But superficial thought and work connects directly to a second issue: worker confidence and mental health. Workers might have fewer moments where the employee can stand out to their boss or look back and say they overcame a real challenge. Superficial jobs also give workers more time to ruminate about what might not be so great in their lives, which can tank their mood and motivation. Because constant distractions force our brains to operate in a hyper-alert state, workers can get caught in the anxiety-distraction feedback loop, where they turn to Youtube videos or other activities to temporarily check out and feel better.

Related: 4 Tips for Developing a Marketing Plan That Will Actually Grow Your Business

How we can encourage deep work

Realistically, we're probably not going to put the traditional office in the trash bin completely. But because the traditional office does make deep work more difficult, restructuring how we think about what we do in that space and utilizing it properly is a must.

One simple way to move forward is to stress the office as a place for getting together with others.

Meeting face to face has a direct influence on four key management areas, including collaboration, innovation, acculturation and dedication. Deep learning is one of the five elements that drive these areas. It lets people debate concepts in healthy ways, get feedback and understand subtle contextual differences that might change what they do. Dedicate rooms or specific areas of the office to be quiet spaces for these types of interactions.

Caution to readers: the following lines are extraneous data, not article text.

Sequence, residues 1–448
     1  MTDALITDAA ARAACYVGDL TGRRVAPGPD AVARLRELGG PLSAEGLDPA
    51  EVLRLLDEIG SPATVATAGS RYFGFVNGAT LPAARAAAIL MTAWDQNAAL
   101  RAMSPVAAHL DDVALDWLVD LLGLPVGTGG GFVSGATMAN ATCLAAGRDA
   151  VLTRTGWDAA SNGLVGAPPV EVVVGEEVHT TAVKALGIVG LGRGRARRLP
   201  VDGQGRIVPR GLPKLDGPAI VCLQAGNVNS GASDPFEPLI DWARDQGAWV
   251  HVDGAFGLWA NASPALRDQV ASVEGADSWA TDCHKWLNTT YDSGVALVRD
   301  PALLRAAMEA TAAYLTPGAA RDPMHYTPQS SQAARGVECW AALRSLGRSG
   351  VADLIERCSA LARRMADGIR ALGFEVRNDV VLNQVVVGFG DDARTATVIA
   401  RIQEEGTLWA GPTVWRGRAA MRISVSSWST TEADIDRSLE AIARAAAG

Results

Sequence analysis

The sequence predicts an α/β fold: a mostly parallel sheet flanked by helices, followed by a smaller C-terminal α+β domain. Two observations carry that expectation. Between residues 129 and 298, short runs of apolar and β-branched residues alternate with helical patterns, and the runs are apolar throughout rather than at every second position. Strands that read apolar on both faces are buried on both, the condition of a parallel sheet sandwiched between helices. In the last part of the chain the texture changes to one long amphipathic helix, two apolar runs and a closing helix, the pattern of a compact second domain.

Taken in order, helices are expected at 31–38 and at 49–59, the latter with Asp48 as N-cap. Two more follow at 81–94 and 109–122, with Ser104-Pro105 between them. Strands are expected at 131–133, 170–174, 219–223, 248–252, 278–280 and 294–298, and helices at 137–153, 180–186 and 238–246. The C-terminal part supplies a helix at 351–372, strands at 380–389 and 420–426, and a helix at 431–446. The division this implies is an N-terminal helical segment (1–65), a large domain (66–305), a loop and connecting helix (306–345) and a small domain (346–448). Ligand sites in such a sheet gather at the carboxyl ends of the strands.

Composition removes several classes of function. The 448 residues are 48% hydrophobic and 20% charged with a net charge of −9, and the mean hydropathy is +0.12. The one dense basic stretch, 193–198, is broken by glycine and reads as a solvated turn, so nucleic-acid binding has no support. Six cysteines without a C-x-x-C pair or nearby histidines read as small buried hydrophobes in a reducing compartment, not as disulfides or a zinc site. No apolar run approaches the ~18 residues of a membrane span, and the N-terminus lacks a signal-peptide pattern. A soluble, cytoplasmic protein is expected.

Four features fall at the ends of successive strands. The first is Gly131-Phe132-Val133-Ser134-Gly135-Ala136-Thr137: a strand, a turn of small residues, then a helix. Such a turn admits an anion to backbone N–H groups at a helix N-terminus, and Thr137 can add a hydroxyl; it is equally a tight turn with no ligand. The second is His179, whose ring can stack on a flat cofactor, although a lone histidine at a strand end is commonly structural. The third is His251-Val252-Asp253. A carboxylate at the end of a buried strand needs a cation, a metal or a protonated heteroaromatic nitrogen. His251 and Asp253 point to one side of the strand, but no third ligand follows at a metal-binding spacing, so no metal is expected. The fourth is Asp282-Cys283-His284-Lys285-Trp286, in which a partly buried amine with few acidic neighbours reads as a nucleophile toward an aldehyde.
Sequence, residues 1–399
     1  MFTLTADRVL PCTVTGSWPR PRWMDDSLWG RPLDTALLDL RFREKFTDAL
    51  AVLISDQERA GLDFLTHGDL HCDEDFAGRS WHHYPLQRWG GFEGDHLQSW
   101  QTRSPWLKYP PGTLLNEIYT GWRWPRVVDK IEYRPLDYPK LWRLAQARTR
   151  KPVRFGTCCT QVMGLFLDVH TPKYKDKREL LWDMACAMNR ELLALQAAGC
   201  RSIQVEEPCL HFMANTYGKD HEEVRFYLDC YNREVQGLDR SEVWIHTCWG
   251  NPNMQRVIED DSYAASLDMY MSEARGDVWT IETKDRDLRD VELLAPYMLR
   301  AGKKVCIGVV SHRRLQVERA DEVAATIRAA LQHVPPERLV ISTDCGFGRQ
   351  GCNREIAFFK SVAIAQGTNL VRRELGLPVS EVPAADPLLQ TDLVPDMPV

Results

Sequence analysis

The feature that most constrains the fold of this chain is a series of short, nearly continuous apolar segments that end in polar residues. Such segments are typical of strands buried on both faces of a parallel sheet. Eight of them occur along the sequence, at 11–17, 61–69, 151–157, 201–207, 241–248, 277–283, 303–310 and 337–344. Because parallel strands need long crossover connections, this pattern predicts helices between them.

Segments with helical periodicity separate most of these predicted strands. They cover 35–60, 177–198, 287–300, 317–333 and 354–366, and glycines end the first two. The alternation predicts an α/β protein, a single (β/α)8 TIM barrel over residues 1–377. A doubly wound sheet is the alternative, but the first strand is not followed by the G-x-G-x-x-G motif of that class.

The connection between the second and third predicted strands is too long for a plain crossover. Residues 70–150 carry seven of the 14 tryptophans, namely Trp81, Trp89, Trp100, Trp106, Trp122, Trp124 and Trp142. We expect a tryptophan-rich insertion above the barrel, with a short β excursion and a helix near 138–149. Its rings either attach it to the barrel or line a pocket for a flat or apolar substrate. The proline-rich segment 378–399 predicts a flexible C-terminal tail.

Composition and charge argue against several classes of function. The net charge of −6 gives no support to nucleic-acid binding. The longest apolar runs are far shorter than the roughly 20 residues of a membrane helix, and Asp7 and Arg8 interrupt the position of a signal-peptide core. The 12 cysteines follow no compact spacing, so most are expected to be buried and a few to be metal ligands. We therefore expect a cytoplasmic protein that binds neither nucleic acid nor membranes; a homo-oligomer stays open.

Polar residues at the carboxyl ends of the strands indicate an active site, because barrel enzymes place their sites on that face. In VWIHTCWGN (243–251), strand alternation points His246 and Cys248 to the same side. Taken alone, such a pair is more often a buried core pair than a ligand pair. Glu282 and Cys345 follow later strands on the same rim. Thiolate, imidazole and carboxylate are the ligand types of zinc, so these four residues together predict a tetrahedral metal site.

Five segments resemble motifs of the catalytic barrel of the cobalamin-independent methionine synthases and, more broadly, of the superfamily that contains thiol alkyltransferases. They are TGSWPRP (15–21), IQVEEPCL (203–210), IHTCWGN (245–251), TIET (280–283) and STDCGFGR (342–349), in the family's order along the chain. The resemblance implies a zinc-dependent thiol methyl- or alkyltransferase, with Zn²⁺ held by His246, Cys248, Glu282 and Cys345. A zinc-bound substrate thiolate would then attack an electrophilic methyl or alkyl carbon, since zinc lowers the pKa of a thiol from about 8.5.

Companies also can schedule time to be superficial, rather than scheduling deep work. This clarifies that deep work is the desired, higher-valued default. It gives workers some anxiety relief in that it's always clear when they'll be able to downshift a little.

Lastly, remember that deep work is tiring. Workers are going to need a chance to get out of focus mode and recoup. The caveat here is that breaks need to let employees totally detach. Make sure they include activities that help workers avoid work-related thoughts. Taking a walk in nature likely is better than chatting at the water cooler or inhaling a sugary snack because you're tired. If you can find detaching activities that genuinely help a worker feel positive emotionally, that's ideal. Encourage workers to truly call it a day when they clock out so they don't overwork themselves, as well.

Support deep work to help your team compete

Hybrid work isn't going anywhere, but the reality facing employees and their companies is that competition is fierce. Deep work is necessary for this environment because it allows you to produce at the highest level. To pull ahead, reassure your team that you'll support them with structured ways to use their time no matter where they are and that their ability to focus is your top priority.

David Partain

Entrepreneur Leadership Network® Contributor

CMO of FlexShares

David Partain is SVP of Northern Trust and CMO of their subsidiary, FlexShares Exchange Traded Funds. He has over 15 years of marketing, sales and finance expertise and was named one of the "20 Rising Stars in Finance" by the Gramercy Institute.